Thousands of unaccompanied children—some of whom have trekked hundreds or even thousands of miles—come to the U.S. each year. Many have suffered physical abuse, parental abandonment, or traumatic separations from their families.

These children, who range from 6 to 17, are detained in restrictive settings where they face removal proceedings. Children with limited English skills are pitted against trained trial attorneys. All of them are entitled to important legal protections and deserve counsel. Some are eligible for asylum and protection under the UN Convention Against Torture (CAT) or Special Immigrant Juvenile Status (SIJS).

We are also committed to other children, minors up to 17 years of age, in our community who are not detained, have suffered abuse, abandonment and/or neglect, and are eligible for legal protection.  

Closeup of female toddler with hand in mouth, very big brown eyes, short curly brown hair and turquoise sweatshirt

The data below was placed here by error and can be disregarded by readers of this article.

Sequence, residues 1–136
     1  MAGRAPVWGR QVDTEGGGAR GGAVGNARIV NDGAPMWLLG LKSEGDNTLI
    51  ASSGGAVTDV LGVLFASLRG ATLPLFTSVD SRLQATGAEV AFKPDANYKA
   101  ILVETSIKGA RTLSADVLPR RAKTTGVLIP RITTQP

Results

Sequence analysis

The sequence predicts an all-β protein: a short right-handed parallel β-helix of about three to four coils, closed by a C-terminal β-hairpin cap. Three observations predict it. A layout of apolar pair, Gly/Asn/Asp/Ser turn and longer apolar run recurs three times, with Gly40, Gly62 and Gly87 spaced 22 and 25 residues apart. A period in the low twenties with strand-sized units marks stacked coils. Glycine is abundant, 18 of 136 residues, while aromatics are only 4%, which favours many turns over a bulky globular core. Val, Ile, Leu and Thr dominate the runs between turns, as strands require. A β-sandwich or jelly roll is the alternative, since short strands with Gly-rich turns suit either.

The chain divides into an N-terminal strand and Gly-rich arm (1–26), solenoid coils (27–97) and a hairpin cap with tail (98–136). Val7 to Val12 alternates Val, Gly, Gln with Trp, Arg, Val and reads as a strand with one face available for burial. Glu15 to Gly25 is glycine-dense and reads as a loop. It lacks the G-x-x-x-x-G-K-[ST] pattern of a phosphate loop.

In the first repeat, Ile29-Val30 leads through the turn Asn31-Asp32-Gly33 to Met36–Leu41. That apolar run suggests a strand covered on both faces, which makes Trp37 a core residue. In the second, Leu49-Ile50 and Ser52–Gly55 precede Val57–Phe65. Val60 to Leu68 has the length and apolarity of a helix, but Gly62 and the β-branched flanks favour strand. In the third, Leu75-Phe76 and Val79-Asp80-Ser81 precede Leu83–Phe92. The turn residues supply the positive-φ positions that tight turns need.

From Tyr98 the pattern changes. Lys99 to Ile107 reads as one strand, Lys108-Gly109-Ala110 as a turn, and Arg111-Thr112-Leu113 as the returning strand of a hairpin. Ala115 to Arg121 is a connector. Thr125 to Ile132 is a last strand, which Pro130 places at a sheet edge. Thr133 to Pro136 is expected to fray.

Casa Cornelia is the only non-profit law firm in San Diego County that provides free legal services to our county’s detained unaccompanied children. In addition, we provide immigration legal services to children detained elsewhere in the U.S. who were released in San Diego and are still in deportation proceedings, and we represent children who are not in deportation proceedings, but are eligible for immigration relief. Without this program, many children wouldn’t have access to relief or the protection afforded them by law.


Unaccompanied children facing removal proceedings is not a new issue, but one Casa Cornelia has been dealing with for many years. We saw growing numbers of children as early as 2011, with unprecedented spikes in 2014 — when a humanitarian crisis was declared — and 2018, as a result of the Department of Homeland Security’s “Zero Tolerance” policy. 

In 2001, when the Children’s Program began, it provided legal services to 120 children. Through 2010, that number only rose to 180 annually. However, the following year, the program served 232 children, a marked increase, and the numbers have continued to trend higher and higher. This has forced organizations and government agencies charged with providing care, housing, and legal services for this vulnerable population to find creative solutions to serve these children. Over the past few years, Casa Cornelia is among the organizations experiencing the impact of the alarming increase in child arrivals.